B. CPD robber baron N (pej) → magnate mf desaprensivo/a
Collins Spanish Dictionary - Complete and Unabridged 8th Edition 2005 © William Collins Sons & Co. Ltd. 1971, 1988 © HarperCollins Publishers 1992, 1993, 1996, 1997, 2000, 2003, 2005

robber

[ˈrɒbər] nbandit m, voleur m
Collins English/French Electronic Resource. © HarperCollins Publishers 2005

robber

nRäuber(in) m(f)
Collins German Dictionary – Complete and Unabridged 7th Edition 2005. © William Collins Sons & Co. Ltd. 1980 © HarperCollins Publishers 1991, 1997, 1999, 2004, 2005, 2007

robber

[ˈrɒbəʳ] nladro/a; (armed) → rapinatore/trice
Collins Italian Dictionary 1st Edition © HarperCollins Publishers 1995

rob

(rob) past tense, past participle robbed verb
1. to steal from (a person, place etc). He robbed a bank / an old lady; I've been robbed!
2. (with of) to take (something) away from; to deprive of. An accident robbed him of his sight at the age of 21.
ˈrobber noun
The bank robbers got away with nearly $50,000.
ˈrobberyplural ˈrobberies noun
the act of robbing. Robbery is a serious crime; He was charged with four robberies.

to rob a bank or a person; to steal a watch, pencil, money etc.
Kernerman English Multilingual Dictionary © 2006-2013 K Dictionaries Ltd.

robber

سَارِق zloděj røver Räuber κλέφτης atracador ryöstäjä voleur pljačkaš rapinatore 強盗 강도 overvaller raner rabuś ladrão грабитель rånare โจร soyguncu kẻ cướp 强盗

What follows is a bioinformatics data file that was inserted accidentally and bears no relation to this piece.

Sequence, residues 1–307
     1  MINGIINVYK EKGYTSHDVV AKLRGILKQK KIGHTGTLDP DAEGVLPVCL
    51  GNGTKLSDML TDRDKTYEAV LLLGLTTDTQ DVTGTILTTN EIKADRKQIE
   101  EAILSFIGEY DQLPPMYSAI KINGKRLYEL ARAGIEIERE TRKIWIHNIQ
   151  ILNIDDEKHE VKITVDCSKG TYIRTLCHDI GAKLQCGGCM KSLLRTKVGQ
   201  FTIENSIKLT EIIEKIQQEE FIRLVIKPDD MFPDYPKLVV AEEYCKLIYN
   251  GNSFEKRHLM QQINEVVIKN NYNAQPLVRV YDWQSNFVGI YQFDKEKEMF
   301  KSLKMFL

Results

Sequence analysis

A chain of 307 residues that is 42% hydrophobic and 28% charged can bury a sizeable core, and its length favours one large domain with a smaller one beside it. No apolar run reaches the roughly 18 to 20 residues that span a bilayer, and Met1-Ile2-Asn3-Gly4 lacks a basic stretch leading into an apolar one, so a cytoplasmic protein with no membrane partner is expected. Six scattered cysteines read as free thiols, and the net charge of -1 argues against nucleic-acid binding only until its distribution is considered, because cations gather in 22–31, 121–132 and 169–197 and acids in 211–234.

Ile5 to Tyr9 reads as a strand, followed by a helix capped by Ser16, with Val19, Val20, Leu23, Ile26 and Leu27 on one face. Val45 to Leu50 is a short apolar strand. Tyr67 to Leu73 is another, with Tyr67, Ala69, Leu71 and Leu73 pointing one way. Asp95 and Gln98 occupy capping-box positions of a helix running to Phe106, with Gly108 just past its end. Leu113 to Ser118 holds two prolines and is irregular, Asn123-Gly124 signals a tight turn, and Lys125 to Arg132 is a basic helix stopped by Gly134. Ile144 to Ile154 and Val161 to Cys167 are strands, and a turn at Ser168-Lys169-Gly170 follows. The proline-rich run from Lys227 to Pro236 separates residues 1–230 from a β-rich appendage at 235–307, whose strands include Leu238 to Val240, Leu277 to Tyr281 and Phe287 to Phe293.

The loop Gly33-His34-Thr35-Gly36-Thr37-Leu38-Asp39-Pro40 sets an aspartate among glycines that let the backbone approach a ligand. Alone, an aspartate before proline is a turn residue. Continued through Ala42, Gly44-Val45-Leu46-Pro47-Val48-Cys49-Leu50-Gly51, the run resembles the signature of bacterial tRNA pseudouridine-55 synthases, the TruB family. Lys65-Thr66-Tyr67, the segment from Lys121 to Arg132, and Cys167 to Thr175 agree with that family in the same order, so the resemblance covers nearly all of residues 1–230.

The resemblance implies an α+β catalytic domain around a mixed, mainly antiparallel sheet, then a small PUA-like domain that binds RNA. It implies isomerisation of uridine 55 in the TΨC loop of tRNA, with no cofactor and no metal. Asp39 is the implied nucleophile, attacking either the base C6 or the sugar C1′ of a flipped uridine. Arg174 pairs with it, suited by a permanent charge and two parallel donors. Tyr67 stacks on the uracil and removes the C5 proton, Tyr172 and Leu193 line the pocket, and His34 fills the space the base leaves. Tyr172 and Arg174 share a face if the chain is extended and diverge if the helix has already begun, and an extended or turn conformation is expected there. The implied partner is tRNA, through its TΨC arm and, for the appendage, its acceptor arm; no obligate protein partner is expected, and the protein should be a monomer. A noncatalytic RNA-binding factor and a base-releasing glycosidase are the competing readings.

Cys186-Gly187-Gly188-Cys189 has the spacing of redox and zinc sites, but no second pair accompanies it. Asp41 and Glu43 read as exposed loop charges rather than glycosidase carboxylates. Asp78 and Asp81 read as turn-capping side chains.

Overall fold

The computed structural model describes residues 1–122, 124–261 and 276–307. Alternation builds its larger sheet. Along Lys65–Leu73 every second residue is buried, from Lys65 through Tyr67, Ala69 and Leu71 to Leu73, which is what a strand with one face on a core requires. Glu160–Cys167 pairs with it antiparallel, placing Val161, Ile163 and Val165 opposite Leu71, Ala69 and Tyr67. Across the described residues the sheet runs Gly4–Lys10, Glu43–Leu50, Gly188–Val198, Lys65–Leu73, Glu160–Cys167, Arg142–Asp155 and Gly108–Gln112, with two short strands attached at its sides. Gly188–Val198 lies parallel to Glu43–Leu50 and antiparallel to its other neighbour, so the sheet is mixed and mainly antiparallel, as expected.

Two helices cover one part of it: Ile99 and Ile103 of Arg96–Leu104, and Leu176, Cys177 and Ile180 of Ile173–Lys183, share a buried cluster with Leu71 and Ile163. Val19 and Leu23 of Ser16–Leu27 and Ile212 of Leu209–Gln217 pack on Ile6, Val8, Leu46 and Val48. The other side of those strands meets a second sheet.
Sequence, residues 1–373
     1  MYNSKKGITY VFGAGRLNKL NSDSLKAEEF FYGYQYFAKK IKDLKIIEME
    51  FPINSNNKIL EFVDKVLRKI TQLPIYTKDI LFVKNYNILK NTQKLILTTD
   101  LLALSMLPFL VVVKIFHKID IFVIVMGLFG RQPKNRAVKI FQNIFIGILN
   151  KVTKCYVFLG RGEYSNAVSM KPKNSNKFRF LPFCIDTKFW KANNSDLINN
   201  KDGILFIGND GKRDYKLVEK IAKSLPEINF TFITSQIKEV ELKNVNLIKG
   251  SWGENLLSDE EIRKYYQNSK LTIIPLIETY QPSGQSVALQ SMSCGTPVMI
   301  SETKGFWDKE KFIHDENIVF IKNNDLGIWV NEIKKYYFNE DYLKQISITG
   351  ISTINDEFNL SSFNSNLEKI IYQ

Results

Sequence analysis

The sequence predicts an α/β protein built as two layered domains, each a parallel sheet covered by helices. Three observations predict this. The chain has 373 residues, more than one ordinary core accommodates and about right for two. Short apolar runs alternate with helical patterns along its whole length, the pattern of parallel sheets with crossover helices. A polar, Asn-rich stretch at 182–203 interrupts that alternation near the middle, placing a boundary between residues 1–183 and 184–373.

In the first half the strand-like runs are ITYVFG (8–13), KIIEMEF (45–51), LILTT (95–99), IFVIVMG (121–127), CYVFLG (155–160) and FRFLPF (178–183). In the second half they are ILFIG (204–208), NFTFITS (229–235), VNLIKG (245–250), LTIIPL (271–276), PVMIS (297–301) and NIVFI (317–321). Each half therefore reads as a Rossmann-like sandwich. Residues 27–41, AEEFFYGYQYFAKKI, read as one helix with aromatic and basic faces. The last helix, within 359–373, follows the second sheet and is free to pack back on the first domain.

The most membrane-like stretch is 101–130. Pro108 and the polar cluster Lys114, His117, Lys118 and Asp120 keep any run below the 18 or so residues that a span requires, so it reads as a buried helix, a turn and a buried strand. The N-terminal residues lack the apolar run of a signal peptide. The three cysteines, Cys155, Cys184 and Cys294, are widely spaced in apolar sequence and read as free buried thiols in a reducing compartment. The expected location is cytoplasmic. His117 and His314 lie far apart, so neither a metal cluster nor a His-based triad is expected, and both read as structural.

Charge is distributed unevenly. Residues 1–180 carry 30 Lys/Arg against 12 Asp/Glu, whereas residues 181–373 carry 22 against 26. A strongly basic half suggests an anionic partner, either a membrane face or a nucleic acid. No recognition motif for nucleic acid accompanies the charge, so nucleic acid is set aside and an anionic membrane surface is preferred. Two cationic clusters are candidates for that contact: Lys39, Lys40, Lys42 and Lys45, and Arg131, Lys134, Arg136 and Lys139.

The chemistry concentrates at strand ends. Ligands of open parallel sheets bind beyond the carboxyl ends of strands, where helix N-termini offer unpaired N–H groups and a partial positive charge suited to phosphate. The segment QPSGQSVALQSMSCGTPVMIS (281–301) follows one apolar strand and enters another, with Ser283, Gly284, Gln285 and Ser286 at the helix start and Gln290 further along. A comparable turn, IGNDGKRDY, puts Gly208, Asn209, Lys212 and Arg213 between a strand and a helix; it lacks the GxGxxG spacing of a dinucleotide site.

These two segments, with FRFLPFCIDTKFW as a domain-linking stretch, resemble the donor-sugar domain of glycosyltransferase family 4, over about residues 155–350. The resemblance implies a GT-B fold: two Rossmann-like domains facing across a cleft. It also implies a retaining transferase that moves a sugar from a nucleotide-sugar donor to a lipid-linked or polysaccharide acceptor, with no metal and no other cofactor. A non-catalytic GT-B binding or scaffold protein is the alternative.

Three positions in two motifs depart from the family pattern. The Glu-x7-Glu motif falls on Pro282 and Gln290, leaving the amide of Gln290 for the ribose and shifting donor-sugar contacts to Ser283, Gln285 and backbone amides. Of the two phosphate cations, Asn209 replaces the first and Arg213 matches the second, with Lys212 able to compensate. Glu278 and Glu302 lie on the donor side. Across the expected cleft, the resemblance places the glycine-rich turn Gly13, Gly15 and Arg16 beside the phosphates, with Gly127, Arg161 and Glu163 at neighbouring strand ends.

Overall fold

Multilingual Translator © HarperCollins Publishers 2009
References in classic literature ?
They drove through the dark wood; but the carriage shone like a torch, and it dazzled the eyes of the robbers, so that they could not bear to look at it.
'Why, I see a table spread with all kinds of good things, and robbers sitting round it making merry.'
``A forfeit a forfeit,'' shouted the robbers; ``a Saxon hath thirty zecchins, and returns sober from a village!
Black robber bees are swiftly and stealthily prowling about the combs, and the short home bees, shriveled and listless as if they were old, creep slowly about without trying to hinder the robbers, having lost all motive and all sense of life.
But I doubt not that even in England you have had much to suffer from the hands of robbers and outlaws."
When you going to start the gang and turn robbers?"
We had been travelling for about a month, when one day we saw a cloud of dust moving swiftly towards us; and as soon as it came near, we found that the dust concealed a band of fifty robbers. Our men barely numbered half, and as we were also hampered by the camels, there was no use in fighting, so we tried to overawe them by informing them who we were, and whither we were going.
These men were not so much mere robbers as gamblers.
It was quite obvious, therefore, that it was the gate; especially as there was no doubt regarding the time at which the change had taken place, because all three remembered that they had come in sight of the robbers at the instant of its occurance.
Look too, at my feathers-- they are not the least like those of a Crane." The Farmer laughed aloud and said, "It may be all as you say, I only know this: I have taken you with these robbers, the Cranes, and you must die in their company."
A ROBBER who had plundered a Merchant of one thousand pieces of gold was taken before the Cadi, who asked him if he had anything to say why he should not be decapitated.
When his father had gone, a robber passed by and saw the horse grazing without any one watching it, for of course he could not see the Hazel-nut child hidden in the grass.